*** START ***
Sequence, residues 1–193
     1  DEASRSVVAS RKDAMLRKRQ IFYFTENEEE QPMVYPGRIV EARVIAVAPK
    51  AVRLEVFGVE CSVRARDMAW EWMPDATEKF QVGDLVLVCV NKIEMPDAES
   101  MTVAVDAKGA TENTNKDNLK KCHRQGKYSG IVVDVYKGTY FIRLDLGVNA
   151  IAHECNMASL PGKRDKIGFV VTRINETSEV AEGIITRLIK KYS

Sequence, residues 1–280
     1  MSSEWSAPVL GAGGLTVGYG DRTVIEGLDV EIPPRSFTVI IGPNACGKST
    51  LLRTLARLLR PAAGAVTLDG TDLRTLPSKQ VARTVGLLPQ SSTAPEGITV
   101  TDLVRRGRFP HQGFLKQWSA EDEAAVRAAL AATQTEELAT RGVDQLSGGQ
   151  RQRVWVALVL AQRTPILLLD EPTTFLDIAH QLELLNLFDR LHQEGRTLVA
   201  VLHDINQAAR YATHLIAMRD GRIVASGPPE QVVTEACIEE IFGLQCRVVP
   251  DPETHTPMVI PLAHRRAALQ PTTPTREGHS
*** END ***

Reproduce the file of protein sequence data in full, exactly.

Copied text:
Sequence, residues 1–193
     1  DEASRSVVAS RKDAMLRKRQ IFYFTENEEE QPMVYPGRIV EARVIAVAPK
    51  AVRLEVFGVE CSVRARDMAW EWMPDATEKF QVGDLVLVCV NKIEMPDAES
   101  MTVAVDAKGA TENTNKDNLK KCHRQGKYSG IVVDVYKGTY FIRLDLGVNA
   151  IAHECNMASL PGKRDKIGFV VTRINETSEV AEGIITRLIK KYS

Sequence, residues 1–280
     1  MSSEWSAPVL GAGGLTVGYG DRTVIEGLDV EIPPRSFTVI IGPNACGKST
    51  LLRTLARLLR PAAGAVTLDG TDLRTLPSKQ VARTVGLLPQ SSTAPEGITV
   101  TDLVRRGRFP HQGFLKQWSA EDEAAVRAAL AATQTEELAT RGVDQLSGGQ
   151  RQRVWVALVL AQRTPILLLD EPTTFLDIAH QLELLNLFDR LHQEGRTLVA
   201  VLHDINQAAR YATHLIAMRD GRIVASGPPE QVVTEACIEE IFGLQCRVVP
   251  DPETHTPMVI PLAHRRAALQ PTTPTREGHS